The Witch in the Window is an elegantly-made and deeply moving family drama wrapped up in an occasionally terrifying haunted house tale. It’s the type of film which plays really well with a festival crowd, particularly a horror audience who usually expect some blood-spilling and things going bump in the night. But Witch has zero of the former and very little of the latter, yet it succeeds in still being a deeply unnerving experience, whilst also balancing an unexpectedly moving and authentic father/son relationship as its emotional beating heart.
Past collaborators and good buddies Andy Mitton and Alex Draper have created a really impressive and unique genre offering, and we managed to sit down with them over closing night drinks to briefly chat about how they achieved what they did on a minuscule budget and with a measly 12 shooting days.
HeyUGuys: Where did the idea for The Witch in the Window originate?
Andy: I knew I wanted to make a haunted house movie and I knew I wanted to make a movie with Alex. I’d left Los Angeles and was going to be directing for the first time on my own. I went to school in Middlebury College, Vermont where Alex also studied and where he is now the professor of theatre. It’s sort of my happy place and where I’m most comfortable. It seemed like if I could make the movie in that area and in one location, I’d be able to drop anchor and focus.
I called Alex and said what if we did this together, took the production to Vermont and let some of the students from the film and theatre department work on [the film] for under the line, and get some experience on a real movie. You find me a creepy Vermont house, I’ll write a movie for you. It came together really fast. I called Alex about it in the fall, I wrote it in the winter and we shot it in the spring. It was a quick process and a really joyful one, compared to all my other experiences of making movies. It all went according to plan.
So the actual filming was a kind of an intimate, family-like affair?
Yeah, and you get that when you shoot on location. I’d made a previous film, YellowBrickRoad, on location and you get that feeling like all the cast and crew are in it together. Then I made a film in Los Angeles where everyone goes home at night and your crew can shift from day to day and you just don’t have that feeling of togetherness, so I wanted that back and that was part of the plan [with The Witch in the Window].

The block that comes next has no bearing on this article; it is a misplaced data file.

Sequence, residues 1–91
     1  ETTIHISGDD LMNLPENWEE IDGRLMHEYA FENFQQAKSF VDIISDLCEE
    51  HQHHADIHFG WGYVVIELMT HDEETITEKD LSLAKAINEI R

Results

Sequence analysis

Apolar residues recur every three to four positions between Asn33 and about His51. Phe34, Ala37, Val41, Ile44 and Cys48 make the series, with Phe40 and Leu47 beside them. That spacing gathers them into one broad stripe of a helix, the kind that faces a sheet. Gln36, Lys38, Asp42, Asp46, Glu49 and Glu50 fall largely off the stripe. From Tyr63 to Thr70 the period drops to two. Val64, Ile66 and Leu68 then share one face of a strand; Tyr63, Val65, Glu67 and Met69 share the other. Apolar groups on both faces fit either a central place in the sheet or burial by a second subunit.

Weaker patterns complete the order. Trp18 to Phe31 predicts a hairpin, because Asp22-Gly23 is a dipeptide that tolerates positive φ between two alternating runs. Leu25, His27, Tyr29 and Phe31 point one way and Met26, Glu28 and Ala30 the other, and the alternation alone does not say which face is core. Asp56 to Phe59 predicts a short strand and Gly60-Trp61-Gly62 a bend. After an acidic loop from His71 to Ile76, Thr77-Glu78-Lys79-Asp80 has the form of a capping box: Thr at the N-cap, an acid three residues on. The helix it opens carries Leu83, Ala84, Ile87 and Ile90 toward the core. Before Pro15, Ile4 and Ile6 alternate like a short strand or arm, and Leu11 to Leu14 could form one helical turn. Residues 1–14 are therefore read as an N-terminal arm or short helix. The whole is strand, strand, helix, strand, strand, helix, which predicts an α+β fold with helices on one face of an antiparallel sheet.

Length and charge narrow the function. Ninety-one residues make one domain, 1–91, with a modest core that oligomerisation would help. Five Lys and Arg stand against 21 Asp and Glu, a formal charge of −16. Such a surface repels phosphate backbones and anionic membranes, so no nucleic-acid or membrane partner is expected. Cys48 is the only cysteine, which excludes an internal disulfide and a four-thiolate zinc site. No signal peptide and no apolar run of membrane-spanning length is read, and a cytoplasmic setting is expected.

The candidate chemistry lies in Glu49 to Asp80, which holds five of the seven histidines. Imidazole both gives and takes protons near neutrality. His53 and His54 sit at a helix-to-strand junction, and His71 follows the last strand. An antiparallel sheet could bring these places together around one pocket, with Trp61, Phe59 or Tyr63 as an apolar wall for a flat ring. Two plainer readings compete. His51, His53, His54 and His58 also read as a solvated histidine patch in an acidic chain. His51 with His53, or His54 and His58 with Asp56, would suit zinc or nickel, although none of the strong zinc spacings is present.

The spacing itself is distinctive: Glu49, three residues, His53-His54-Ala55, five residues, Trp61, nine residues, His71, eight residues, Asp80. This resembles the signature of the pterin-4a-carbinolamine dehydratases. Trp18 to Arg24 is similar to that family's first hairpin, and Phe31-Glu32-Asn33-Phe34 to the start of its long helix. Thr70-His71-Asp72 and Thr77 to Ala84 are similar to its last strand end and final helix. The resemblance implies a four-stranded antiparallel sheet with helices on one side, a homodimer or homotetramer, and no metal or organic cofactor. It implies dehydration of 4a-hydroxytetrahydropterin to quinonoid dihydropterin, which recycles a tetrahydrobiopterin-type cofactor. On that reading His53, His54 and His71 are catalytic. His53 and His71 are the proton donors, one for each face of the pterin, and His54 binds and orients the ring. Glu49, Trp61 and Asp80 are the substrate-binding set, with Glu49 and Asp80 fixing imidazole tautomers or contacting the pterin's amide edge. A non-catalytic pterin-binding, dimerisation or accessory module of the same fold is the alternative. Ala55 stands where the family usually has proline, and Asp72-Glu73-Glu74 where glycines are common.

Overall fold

Alex, the relationship between your character and your screen son is really fantastic. Straight away you could feel a real warmth between the two of you and there’s an emotional truth there. How did you nurture that connection off-screen?
Alex: Honestly, a lot of it was in the script. Also, we were just really lucky that [co-star] Charlie [Tacker] was amazing. He’s a great playful, mischievous kid, and he’s also very sweet and grounded. He and I and Andy were in that house all day and everyday [for the shoot] so it got very comfortable in all the ways that a real relationship between a father and son is. You can have a lot of fun, but sometimes you have to say “hey, now’s not the time for play – there’s 17 people on the production who are gearing up to shoot a scene.”
And he was really sensitive to that side of the production?
Yeah, and I think he really liked the story, too. The more we got to know the characters during the 12 days that we shot, the more stuff would change. A lot of that had to do with just being with one another all the time.
The jumps and the scares in the film are just as effective, if not better, in those scene which take place in daylight. That’s something you never really see in horror films, yet it works so well. Was there any trepidation on the writing process in taking that leap?
Andy: I think because I’d set YellowBrickRoad mostly in the day and a lot of movies I respond to in regards to how real they feel, even something like Deliverance, are mostly set during daylight hours. The night is so useful for horror people because there’s a veil of mystery to it, and the idea that you’re usually alone and reality can bend. But if a character see’s a terrifying figure in the sunlight and they’re witnessing this with another person next to them, you’re breaking those rules down a bit and suddenly there’s a grounded feeling to the supernatural, for me. It felt new and exciting, but from a budgetary viewpoint, it’s also cheaper (laughs). You’re not setting up 10k lights all over the place.
We had a few night shoots and we were able to pick our battles there and get them right. Justin Caine, who was the director of photography on the film and a total hero, is such a smart person when it comes to harnessing natural light and controlling it, because it could have looked bad in lesser hands. It just feels real and like we’re there. That’s what we get to do in indie films – play off the mainstream rhythms. Audiences are more curious and open to different things in cinema than they usually get credit for from the studios.
All bets are off for the characters when the witch appears in broad daylight. There’s no escape or respite from her at any time in the day.
Yeah, you can pull the rug out from an audience because if you have 45 minutes where the film is carefully paced and you’re getting those bumps in the nights, the audience isn’t expecting that [daylight] scene. It puts the viewer on new footing where they’re not sure what might come next. There are scares in this movie which are based on patience, playing the long game and trusting that the audience is gonna be there. It felt like a leap of faith for us and we didn’t know it worked until we saw it with people.
The Witch in the Window will be available to stream on Shudder from 18th October